Not only does this invalidate the Bible’s teaching on God’s sovereign decrees, but it invalidates God’s good character and atonement of Jesus Christ, among other things.
God, for example, in the sermon on the Mount, defines Himself as “good” and loving by giving us the very things we ask for, not something else. No amount of empiricism or observation is able to change that, because human speculation as an epistemology does not exist.
Whether it is God’s promise of blessing, fame, healing, and prosperity to Abraham (which we have in Christ-Gal. 3) or promises of safety from the terror that stalks at night (Psalm 91), or safety in sanctification (Jude 1:24), or delivered from sickness (James 5:15), God’s policy is rudimentary: if He is able, then He will do it.
The context that makes this work is that God loves/favors us. As Christians, God has revealed He loves us with a HUGE love. He has promised to never stop from doing good to us, in both spiritual and material blessings.
Think about a marriage. Imagine a marriage of 40 years of faithfulness, love and joy. Now imagine the wife calling her husband at 2 am at night, waking him up from sleep and says, “Honey, my car just broke down on the side of the road, I’m afraid.” What do you think the husband will say? Will he give a 10-minute speech about his love for her? Most likely not. Why? Because in the context of this faithful marriage, they already know that. Rather, the husband will likely respond with, “Where are you, I’ll pick you up.” Because he loves/favors her, he will help his wife, because he is able.
This is what God is doing, when He says in our passages, “I am able, I’ll do it.” He shouldn’t have to repeat with every interaction with a 50 page essay that He loves us. He has already proven that with His Son’s atonement, and covenant. Unlike faithful marriages where they trust each other, Christians seem to have a hard time believing in God’s love, which was given to then in the blood contract of His Son. Thus, because of weakness to believe in His love, God will often give long discourses of His love in the Bible and to individuals in the Bible, and then repeat it. God is patient with our slow to believe immaturity, but this patience does not negate the accountability that we are commanded to be mature in faith. And so, when we call up God in prayer, so to speak, rather than sometimes saying, “where are you, I’ll pick you up,” God will dive into a 10 minute speech about His love for us, so as to help us believe.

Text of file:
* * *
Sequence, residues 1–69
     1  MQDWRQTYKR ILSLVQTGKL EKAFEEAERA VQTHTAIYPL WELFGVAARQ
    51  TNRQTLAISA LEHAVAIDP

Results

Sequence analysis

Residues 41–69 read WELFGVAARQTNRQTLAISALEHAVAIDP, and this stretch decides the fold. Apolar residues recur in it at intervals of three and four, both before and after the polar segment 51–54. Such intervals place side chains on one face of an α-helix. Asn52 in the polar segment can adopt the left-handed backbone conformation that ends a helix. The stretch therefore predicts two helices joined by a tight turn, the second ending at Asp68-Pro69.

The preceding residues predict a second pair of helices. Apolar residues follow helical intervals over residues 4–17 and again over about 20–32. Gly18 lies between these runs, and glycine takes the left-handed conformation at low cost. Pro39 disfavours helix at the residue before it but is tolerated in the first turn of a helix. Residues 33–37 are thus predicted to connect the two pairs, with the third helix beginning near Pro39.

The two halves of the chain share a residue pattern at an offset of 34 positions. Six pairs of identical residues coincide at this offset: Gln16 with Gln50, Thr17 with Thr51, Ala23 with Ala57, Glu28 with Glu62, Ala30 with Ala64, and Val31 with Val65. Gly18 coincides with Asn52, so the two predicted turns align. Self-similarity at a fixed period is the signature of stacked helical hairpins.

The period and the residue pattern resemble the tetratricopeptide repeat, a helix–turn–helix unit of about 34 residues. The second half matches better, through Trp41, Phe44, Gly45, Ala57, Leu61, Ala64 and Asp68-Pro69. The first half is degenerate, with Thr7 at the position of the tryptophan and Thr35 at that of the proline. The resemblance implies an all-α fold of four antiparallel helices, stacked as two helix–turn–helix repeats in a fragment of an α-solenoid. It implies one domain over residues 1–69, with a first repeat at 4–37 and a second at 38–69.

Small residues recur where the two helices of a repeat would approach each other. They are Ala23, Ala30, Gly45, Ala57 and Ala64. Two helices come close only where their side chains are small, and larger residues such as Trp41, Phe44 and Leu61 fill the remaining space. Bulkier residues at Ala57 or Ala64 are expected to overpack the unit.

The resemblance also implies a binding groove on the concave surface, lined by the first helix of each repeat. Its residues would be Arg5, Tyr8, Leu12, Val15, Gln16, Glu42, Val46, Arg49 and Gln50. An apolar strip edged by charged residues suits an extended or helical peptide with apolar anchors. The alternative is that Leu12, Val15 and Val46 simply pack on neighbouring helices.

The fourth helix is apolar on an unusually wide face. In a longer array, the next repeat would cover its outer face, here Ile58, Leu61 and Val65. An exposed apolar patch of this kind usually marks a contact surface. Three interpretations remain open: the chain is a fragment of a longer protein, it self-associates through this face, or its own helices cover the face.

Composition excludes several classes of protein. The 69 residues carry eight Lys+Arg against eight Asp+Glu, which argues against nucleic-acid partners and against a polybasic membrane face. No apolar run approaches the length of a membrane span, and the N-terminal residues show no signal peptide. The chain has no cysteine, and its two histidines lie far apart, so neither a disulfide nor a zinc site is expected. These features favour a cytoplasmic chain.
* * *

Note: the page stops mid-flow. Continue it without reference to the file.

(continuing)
Jesus was excessive about healing people and then saying over and over in the gospels, “if you ask in faith, you will get it.” Or that is, “If you are stranded on the road, and call me (this calling is faith), I will be there; I will pick you up just like you asked of me.” Jesus made answers to prayers to be anything you need, whether spiritual or material, with a special emphasis on healing.
Therefore, for those who are mature, for you God is to the point about the width, length, depth and height of His favor. They can cry out to God for help, who sits on His throne of unmerited favor, and they can hear, through faith in His decrees and commands, “My dear child, where are you? I will pick you up.”
 I am not affiliated with Vincent Cheung. These are my own thoughts about the doctrine.